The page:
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What are my rights?

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#1 Bart

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Posted 25 October 2013 - 03:07 PM

Hi Folks,

A while back I moved into a new subdivision, it was partly chosen because it had dark skies. Recently the property next to me was sold and a new owner moved it. In short order the new neighbor started adding outdoor lights to their property. Now my property is bathed in their light. What are my rights? Can I demand that they aim the lights to only shine on their property? Or am I simply out of luck?

Thanks
Disgruntled.

#2 mak17

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Posted 25 October 2013 - 03:28 PM

Have you tried talking to your neighbor?

#3 Bart

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Posted 25 October 2013 - 03:40 PM

Not yet. Trying to get all my ducks in a row. So far I have cookies for bribery. I've also thought of a deal where I could snow-blow his driveway this winter for his compliance in aiming the lights out of my property And lastly, would like to know if I have any legal rights in the matter.

#4 richard7

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Posted 25 October 2013 - 03:43 PM

Have you tried talking to your neighbor?


Bingo!
First order of business is to make peace with your neighbor.
That has been gone over a lot in these threads. It could be that he doesn't know what's going on.

#5 Bart

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Posted 25 October 2013 - 03:44 PM

You're both right of course. I just want to be prepared for the first meeting.

#6 magic612

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Posted 25 October 2013 - 03:48 PM

Bart, check out my thread on "Small victory" where I discuss having both successes and failures in this regard. Might give you some ideas, as well as motivation.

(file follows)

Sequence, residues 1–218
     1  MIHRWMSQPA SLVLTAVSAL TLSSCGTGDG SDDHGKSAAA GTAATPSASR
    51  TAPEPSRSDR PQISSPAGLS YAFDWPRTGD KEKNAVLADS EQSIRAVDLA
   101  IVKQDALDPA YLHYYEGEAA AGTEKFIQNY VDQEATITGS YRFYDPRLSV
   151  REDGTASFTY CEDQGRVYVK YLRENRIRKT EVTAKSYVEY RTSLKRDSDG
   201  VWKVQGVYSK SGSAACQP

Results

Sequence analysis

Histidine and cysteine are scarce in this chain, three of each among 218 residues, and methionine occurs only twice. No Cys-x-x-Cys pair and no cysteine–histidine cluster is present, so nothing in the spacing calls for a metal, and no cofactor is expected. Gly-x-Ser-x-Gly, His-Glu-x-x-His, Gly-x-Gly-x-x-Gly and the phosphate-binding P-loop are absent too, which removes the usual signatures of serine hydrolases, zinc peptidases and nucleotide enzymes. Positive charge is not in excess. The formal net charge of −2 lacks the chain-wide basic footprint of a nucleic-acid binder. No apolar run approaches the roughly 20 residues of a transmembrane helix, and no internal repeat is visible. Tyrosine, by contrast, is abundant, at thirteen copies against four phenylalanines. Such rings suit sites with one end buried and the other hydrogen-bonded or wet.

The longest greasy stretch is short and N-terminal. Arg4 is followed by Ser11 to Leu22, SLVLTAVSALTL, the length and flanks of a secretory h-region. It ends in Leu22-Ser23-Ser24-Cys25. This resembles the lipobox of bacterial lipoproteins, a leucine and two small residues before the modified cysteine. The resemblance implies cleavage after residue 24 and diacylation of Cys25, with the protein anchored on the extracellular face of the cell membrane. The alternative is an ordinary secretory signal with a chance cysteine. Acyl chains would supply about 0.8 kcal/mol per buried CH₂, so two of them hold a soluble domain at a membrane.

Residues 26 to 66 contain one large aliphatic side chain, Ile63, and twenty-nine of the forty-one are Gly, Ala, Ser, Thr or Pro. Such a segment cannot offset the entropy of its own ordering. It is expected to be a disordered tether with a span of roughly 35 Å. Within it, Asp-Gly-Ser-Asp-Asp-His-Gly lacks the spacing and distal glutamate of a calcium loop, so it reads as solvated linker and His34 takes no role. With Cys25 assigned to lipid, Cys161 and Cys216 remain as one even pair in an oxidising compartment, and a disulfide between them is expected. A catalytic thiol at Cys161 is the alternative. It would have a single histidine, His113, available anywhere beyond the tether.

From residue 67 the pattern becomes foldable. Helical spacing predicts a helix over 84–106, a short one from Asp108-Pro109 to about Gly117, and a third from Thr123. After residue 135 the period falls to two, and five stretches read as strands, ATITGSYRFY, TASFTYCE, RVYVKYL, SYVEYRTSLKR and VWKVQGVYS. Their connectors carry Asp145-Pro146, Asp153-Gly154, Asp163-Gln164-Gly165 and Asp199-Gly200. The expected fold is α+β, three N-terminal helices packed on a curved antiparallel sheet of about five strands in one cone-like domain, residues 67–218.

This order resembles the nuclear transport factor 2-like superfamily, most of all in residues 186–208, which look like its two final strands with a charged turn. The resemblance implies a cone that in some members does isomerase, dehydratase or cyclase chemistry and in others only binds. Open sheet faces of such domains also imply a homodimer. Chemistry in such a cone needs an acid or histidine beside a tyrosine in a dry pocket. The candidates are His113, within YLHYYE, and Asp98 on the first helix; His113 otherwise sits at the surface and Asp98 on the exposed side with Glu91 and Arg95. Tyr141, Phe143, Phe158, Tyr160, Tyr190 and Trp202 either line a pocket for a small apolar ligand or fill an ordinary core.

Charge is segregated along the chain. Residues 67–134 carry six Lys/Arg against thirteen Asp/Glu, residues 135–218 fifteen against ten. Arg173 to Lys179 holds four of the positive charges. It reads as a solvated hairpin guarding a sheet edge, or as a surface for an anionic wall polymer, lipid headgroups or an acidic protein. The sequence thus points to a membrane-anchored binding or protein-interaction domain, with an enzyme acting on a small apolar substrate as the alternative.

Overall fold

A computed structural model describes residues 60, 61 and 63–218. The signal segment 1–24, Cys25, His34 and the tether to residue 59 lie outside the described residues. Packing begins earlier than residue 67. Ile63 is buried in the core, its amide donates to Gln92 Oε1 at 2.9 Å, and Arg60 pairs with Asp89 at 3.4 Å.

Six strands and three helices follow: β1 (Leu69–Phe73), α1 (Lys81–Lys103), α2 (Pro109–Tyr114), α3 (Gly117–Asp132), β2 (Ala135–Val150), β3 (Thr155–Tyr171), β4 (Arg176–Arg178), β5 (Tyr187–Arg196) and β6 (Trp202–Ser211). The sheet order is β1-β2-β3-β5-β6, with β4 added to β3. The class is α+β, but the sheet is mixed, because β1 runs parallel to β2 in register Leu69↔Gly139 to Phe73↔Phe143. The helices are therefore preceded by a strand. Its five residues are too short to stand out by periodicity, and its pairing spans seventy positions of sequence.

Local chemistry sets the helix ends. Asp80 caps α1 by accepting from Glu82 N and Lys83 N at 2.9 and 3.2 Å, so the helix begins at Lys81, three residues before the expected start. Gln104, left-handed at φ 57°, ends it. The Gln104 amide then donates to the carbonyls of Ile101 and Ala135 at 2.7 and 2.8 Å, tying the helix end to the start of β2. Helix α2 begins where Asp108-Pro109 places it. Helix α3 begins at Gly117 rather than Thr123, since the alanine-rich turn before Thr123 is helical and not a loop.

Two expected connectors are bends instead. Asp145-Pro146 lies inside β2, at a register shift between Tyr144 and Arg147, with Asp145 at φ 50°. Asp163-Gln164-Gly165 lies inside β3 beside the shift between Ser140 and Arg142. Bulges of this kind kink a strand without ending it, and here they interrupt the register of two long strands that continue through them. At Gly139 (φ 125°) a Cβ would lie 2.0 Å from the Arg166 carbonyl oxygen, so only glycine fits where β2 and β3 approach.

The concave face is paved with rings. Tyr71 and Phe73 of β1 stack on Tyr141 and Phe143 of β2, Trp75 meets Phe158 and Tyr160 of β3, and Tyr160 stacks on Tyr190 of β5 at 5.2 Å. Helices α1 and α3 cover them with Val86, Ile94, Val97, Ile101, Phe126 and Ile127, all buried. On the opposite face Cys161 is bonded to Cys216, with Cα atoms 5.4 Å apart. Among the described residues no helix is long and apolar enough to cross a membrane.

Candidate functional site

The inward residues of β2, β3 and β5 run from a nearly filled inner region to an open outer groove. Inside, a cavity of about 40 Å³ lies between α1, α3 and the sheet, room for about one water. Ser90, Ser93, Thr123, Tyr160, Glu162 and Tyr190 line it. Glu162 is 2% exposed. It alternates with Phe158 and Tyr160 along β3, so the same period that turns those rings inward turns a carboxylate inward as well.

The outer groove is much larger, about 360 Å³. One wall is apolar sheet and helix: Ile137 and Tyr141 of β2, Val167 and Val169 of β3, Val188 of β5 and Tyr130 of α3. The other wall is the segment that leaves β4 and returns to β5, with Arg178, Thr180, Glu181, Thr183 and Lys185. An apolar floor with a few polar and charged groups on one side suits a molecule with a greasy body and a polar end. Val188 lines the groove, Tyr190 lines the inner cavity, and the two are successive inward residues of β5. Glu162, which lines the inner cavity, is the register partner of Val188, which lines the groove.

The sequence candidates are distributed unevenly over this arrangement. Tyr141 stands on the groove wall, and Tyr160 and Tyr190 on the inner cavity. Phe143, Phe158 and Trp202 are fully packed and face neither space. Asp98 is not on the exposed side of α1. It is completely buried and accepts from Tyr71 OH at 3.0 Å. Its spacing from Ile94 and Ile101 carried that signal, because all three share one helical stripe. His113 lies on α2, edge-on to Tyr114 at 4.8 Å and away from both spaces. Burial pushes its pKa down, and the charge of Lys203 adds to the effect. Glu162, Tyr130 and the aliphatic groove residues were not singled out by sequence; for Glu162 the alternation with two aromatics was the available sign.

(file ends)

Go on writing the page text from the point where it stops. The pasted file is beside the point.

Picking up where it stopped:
#7 Bart

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Posted 25 October 2013 - 03:50 PM

Thanks for the link. I'll go there now.

#8 barbarosa

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Posted 25 October 2013 - 04:19 PM

What are my rights? Can I demand that they aim the lights to only shine on their property? Or am I simply out of luck?


A good neighbor approach is always best, but it never hurts to know your legal rights. These vary by location so the starting point is to lookup (often online) any state or local ordinance or public policy declaration that could apply. If there is an ordinance then you have to find out the enforcement mechanism. The ordinance may specify the enforcement procedure; even so you should ask the town officials what they actually do.

Establishing a relationship with the local government staff might be one of the most important steps you can take. You might discover for example that they do not enforce the ordinance or have an interpretation that you need to understand. If your town enforces the ordinance then that is your path if friendly persuasion fails.

If the ordinance is not enforced, you might discover that you cannot compel enforcement. That opens two options, one is to work to change the policy (slow and uncertain) and the other is to seek civil relief in court (expensive and uncertain). Small claims court is an option, if you do have a good case.

If there is no ordinance, you can raise the legal argument that the lights infringe on your right to the peaceful enjoyment of your property. This is a valid legal point, but you must still make a case. In some areas, the courts prefer that this sort of dispute go to arbitration. Some municipalities encourage it also. Arbitrators favor compromise, or although they must deny it, the party paying the bill.

So back to the first point, try to find an informal resolution and offer some sort of compromise, before going formal. If it looks as if this might escalate, document the process. If you have meetings, make good notes and send an email that summarizes the meeting. Keep the tone calm and neighborly. Passion and time distort memory. Be honest about it, but also remember that he who writes the notes is writing the history.

#9 magic612

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Posted 25 October 2013 - 04:55 PM

This is a good resource also: http://www.darksky.o...al-lighting.pdf

#10 Bart

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Posted 25 October 2013 - 05:00 PM

Magic, that is perfect. I just printed it out! Thanks.

#11 magic612